I grew up in a house where TV was banned. Sugar cereal and candy were frowned upon, but television, especially Saturday morning cartoons, was the ultimate forbidden fruit. Prohibition rarely works and in my case that proved true; I begged for gum in the line at the supermarket, enjoyed orange-flavored aspirin a bit too much and looked longingly at lollipops dropped in parking lots. But nothing trumped TV. I remember waking early and sneaking downstairs to illicitly watch as the test pattern segued into Looney Toons. Yet my stealth was insufficient -- one day in 1975 my mother caught me and kicked a hole in the TV's screen. I'll never forget the days as the shattered set lay on the curb waiting for the garbage crew to haul it away.
Her logic was pretty simple (I think the words "rotting your brain in front of that wretched tube" may have been used). She wanted me to read, to love books, to learn in a particular way. Was she right? Well she may have been and today I'll explore the affect that the evolution that media is having on the stories we tell, how we think and the culture that we create.
I'll try to avoid any preachiness which won't be easy since I'm actually lamenting the possible disintegration of the Western mind.
The phrase "Amusing Ourselves to Death" comes from book of the same name, written in 1984 by Neil Postman. I discovered it earlier this year when talking to a newly-met friend named Ethan Russell. Ethan is a fascinating guy - a generation older than I am, he was the photographer for the Beatles, Rolling Stones and The Who. In a conversation that roamed around a lot (somewhere after telling me of the day he photographed John Lennon and Yoko Ono in bed, left for LA and landed to hear Lennon had been shot) he made a reference to the book. When I clearly didn't get the reference, he immediately bought it for me and sent it to my Kindle. It blew me away. (buy for yourself here)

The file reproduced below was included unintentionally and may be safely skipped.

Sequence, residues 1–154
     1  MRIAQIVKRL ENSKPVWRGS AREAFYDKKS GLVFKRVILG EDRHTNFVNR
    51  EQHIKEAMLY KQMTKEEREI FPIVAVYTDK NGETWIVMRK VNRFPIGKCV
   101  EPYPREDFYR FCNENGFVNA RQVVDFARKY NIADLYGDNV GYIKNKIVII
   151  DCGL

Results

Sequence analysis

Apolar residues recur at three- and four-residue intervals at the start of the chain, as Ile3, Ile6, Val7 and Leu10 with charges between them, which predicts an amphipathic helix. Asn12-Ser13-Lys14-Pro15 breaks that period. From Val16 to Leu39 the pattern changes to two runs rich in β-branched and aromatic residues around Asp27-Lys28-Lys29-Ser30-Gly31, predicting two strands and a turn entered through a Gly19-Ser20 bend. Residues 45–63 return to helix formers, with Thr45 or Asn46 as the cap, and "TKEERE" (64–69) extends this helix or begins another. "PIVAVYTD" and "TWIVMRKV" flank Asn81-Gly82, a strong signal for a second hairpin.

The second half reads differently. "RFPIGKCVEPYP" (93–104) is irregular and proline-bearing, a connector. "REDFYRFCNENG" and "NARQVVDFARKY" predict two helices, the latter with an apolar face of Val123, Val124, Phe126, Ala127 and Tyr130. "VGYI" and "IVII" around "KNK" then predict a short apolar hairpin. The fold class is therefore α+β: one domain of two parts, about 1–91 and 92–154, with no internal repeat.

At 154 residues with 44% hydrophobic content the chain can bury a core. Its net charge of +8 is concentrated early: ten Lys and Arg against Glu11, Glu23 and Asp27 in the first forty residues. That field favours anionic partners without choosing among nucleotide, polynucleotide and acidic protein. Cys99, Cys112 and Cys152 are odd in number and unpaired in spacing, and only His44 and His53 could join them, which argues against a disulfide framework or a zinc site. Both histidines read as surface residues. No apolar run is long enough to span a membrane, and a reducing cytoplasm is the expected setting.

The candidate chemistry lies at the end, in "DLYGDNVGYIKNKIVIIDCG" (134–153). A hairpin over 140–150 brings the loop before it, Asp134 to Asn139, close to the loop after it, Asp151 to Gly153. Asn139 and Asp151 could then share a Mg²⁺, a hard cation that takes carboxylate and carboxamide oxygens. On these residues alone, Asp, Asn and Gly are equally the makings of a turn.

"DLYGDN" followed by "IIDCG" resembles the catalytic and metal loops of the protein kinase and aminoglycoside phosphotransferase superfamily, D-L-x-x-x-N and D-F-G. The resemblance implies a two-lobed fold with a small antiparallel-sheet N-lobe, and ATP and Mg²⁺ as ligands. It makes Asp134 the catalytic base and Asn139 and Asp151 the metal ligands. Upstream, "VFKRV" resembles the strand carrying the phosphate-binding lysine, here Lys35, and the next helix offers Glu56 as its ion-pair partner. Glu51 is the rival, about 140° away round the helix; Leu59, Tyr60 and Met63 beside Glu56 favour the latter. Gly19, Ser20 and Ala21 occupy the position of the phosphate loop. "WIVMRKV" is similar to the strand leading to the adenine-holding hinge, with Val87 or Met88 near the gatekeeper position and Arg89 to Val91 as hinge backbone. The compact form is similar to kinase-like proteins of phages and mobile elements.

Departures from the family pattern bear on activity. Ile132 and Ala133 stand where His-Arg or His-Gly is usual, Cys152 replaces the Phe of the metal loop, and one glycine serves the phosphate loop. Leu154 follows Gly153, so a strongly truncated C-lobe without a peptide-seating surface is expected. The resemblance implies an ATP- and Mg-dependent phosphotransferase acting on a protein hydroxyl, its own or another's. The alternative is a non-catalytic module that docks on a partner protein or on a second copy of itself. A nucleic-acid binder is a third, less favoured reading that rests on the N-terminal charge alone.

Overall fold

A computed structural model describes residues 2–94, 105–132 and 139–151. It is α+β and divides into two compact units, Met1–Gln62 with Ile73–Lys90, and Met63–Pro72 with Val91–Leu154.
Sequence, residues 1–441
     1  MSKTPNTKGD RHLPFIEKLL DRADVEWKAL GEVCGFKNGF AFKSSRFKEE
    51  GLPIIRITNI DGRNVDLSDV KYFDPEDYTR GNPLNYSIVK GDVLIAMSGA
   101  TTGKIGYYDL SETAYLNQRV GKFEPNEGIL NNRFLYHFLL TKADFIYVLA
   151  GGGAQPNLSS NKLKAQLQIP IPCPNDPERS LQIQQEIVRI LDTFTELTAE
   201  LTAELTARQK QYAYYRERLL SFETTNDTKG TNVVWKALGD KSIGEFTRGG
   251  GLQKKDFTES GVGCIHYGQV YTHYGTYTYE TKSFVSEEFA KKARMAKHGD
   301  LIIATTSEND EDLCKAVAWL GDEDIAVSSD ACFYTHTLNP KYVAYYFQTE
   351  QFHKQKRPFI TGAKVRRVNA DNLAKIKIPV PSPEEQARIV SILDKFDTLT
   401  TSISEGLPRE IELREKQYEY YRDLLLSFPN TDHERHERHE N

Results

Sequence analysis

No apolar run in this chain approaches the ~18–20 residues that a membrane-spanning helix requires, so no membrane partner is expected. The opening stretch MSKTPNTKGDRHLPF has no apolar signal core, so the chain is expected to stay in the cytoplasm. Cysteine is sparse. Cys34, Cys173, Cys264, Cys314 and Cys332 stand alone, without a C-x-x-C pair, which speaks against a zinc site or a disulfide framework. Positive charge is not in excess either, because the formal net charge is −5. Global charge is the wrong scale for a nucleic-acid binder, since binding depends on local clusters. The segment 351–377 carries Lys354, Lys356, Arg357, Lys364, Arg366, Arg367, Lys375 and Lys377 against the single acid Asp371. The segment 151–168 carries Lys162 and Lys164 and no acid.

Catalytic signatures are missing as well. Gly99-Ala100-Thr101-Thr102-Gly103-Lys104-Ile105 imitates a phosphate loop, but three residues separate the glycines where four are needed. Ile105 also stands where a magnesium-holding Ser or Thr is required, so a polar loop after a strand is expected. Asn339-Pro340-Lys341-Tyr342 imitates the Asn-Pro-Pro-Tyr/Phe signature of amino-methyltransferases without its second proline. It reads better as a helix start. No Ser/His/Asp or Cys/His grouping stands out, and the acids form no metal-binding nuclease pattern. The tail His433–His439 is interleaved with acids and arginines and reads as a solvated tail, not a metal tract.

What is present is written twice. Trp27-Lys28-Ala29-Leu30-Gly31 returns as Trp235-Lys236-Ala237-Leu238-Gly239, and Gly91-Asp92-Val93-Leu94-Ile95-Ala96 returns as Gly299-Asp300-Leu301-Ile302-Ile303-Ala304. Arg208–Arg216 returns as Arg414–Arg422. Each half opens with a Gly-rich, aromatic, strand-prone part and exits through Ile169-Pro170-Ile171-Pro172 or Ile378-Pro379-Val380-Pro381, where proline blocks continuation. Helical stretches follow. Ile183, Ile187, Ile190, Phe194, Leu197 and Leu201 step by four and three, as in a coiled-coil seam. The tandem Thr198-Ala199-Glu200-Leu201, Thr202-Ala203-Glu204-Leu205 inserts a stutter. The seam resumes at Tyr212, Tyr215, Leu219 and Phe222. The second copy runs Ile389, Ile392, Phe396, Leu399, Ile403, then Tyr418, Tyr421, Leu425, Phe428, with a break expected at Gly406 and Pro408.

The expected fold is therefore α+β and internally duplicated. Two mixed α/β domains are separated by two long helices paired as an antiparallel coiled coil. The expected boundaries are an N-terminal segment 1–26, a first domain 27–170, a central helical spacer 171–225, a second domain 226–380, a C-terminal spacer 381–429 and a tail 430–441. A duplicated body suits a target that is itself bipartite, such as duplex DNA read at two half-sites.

Postman calls his book a "lamentation about the most significant cultural fact of the second half of the twentieth century: the decline of the Age of Typography and the ascendancy of the Age of Television". The effect of this is that "the content of politics, religion, education and anything else that comprises public business must change and be recast in terms that are most suitable to television".
He begins his argument with a series of vivid metaphors - describing the statues in American cities that typified the national character of particular era. In Boston it is the Minute Men and the Shot Heard Round the World; in New York; Ellis Island and the Statue of Liberty; in Chicago, a statue of a hog farmer, representing the era in which America's industry revolved around cattle, steel mills, railroads and entrepreurship. Postman's city and image for modern America is Las Vegas which he calls "a metaphor of our national character and aspiration. . . a thirty-foot-high cardboard picture of a slot machine and a chorus girl. (It is) a city devoted to the idea of entertainment."
Postman uses a framing device for the book that is clever. He compares two great writers, George Orwell and Aldous Huxley, both of whom predicted that mankind would destroy itself, though each saw it happening differently. "There are two ways by which the spirit of a culture may be shriveled. In the first - the Orwellian - culture becomes a prision. In the second - the Huxleyan - culture becomes a burlesque." Amusing Ourselves to Death puts the debate to rest; Clearly Huxley was right.